If there’s one thing the people of Teesside hate, it’s inconsiderate motorists who park and drive on the pavement.
Now, one inventor has come up with an extreme new measure which he says will stop pavement parking for good, and might even help stop terror attacks.
Meet the Catclaw, a device that punctures car tyres when you drive over it.
But could it work on Teesside?
Stockton Council and Redcar & Cleveland Council said they have “no plans” to introduce Catclaw on their streets.
But Middlesbrough Council is not ruling it out, saying the device is an “innovative approach”.
“We’re open to new ways of tackling the problem,” said executive member for infrastructure, Councillor Lewis Young.
“Catclaw is clearly an innovative approach. It’s a relatively new product, and we would have to explore its use in detail before deciding whether it could be adopted here.”
The Catclaw device is triggered when a car drives over it, but a pedestrian, bicycle or mobility scooter is not heavy enough.
It deploys a metal spike when driven over, puncturing the tyres of any motorist who tries to mount the kerb.
It’s simple, it’s cheap and inventor Yannick Read, 47, of the Environmental Transport Association, says it will end the scourge of pavement parking.
He said: “We’re addressing road danger – there’s a real problem with drivers parking on the pavement or driving on the pavement because they can’t be bothered to wait.”
The 47-year-old inventor said he was inspired to create the Catclaw after hearing a troubling statistic.
He said: “Last year, 43 people were killed by cars as they walked on pavements.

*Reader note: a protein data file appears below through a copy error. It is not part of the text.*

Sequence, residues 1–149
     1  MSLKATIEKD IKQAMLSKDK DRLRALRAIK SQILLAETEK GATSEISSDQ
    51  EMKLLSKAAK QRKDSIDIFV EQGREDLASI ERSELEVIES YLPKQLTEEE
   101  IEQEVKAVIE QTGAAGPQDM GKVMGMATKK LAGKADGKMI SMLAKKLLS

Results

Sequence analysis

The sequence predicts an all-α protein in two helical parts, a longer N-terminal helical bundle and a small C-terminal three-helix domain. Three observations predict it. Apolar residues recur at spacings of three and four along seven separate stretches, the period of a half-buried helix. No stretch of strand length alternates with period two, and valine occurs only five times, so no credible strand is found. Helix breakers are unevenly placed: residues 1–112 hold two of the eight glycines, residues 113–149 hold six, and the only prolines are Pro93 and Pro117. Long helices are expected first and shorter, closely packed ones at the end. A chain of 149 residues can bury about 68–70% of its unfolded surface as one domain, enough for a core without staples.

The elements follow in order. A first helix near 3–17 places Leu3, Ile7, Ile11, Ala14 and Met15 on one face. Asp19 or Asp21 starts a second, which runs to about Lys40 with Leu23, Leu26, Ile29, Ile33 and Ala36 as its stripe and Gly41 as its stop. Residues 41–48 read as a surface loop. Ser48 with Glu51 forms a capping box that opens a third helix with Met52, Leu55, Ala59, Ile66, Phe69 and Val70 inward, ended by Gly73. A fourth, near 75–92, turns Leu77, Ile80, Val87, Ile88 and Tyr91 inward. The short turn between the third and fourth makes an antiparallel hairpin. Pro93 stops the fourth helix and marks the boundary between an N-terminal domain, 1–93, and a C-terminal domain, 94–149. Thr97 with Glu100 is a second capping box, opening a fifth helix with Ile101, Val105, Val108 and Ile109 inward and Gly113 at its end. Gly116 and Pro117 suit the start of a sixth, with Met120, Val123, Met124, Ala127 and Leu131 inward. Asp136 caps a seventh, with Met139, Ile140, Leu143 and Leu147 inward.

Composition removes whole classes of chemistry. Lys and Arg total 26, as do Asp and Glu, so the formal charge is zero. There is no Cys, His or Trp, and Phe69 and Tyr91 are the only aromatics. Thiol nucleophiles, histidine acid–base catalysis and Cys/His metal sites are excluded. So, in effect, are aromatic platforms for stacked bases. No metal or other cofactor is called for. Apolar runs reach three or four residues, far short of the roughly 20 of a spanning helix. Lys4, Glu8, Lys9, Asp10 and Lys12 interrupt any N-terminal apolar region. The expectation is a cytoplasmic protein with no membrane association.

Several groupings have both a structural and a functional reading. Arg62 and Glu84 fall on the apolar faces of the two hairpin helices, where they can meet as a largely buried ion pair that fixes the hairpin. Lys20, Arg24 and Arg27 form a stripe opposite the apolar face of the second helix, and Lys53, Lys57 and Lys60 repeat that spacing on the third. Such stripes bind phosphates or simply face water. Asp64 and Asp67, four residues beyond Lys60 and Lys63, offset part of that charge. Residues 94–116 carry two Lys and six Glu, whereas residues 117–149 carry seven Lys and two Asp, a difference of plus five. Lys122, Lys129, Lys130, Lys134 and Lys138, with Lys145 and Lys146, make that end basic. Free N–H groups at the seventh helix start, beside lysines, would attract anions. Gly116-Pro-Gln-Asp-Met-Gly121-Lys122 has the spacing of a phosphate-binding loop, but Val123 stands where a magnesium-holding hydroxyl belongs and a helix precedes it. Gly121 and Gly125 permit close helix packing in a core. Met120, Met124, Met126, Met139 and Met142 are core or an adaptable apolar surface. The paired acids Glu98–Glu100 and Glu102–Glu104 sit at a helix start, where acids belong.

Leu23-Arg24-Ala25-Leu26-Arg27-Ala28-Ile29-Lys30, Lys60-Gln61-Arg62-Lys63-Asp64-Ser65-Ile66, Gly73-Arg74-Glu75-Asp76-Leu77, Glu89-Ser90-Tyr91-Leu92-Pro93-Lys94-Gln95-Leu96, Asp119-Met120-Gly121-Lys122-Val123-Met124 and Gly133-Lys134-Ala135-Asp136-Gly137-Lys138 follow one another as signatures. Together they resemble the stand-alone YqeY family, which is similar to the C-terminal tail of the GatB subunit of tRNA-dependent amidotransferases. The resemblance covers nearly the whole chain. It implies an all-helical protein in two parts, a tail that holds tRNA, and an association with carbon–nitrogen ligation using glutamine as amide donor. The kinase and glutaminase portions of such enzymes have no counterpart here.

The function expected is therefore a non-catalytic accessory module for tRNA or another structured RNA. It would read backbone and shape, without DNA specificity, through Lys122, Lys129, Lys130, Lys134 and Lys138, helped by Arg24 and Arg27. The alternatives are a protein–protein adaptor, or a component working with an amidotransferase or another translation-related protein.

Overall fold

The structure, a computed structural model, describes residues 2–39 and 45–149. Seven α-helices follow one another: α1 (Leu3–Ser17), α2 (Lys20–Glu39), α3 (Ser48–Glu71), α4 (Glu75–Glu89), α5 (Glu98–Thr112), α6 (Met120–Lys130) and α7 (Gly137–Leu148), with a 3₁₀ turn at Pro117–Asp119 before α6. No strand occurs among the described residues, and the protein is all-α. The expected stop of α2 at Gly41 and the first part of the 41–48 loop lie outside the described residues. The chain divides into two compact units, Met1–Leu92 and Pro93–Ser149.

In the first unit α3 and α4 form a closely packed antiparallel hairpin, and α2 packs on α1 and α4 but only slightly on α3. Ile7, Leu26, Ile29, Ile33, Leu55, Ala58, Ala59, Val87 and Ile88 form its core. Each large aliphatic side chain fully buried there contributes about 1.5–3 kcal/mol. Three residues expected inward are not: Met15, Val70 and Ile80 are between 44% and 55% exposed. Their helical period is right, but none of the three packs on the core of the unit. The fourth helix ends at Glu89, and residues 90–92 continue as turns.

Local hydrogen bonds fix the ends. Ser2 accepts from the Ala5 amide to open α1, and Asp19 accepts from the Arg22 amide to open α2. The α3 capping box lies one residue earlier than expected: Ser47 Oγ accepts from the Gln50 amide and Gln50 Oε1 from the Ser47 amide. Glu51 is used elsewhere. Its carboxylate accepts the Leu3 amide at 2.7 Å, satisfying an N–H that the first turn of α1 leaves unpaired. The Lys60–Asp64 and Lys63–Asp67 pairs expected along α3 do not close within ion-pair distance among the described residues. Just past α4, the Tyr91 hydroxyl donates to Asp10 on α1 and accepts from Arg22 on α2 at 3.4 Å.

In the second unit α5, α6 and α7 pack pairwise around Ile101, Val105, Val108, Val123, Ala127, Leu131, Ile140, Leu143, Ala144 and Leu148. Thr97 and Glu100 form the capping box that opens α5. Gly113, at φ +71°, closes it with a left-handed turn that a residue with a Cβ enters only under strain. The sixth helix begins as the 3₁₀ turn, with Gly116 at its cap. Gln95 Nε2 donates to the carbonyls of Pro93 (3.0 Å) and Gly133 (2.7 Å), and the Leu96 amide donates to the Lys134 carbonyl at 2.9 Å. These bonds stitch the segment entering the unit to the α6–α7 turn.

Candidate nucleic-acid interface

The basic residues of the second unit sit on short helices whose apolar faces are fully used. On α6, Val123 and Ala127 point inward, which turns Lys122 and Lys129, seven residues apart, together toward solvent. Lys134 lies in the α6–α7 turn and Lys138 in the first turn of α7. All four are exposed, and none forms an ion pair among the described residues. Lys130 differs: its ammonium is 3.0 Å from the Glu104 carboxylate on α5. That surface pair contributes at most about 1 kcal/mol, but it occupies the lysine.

“In one terrible incident, a four-year-old girl was using a scooter and a delivery driver crushed her to death in front of her mother – it’s an extreme example but it happens far more than it should.
“When you think you’re safe on the pavement, you aren’t safe.”
Mr Read said the device also has potential to stop terror attacks, like the one on London Bridge last year.
He said the response to his prototype has been generally positive and he challenges any nay-sayers.
“We’ve shown the principle works. It wouldn’t be appropriate to put them everywhere. I’d be interested to hear their objections,” he said.
“It’s illegal to drive on the pavement, there’s no excuse to do it. So if you’re not breaking the law your tyres are safe.”
Guidance issued by Teesside’s councils says fixed penalty notices can be issued if vehicles contravene parking, waiting or loading restrictions.
Vehicles parked blocking a footpath may also be committing an offence of obstruction, with Cleveland Police responsible for enforcement.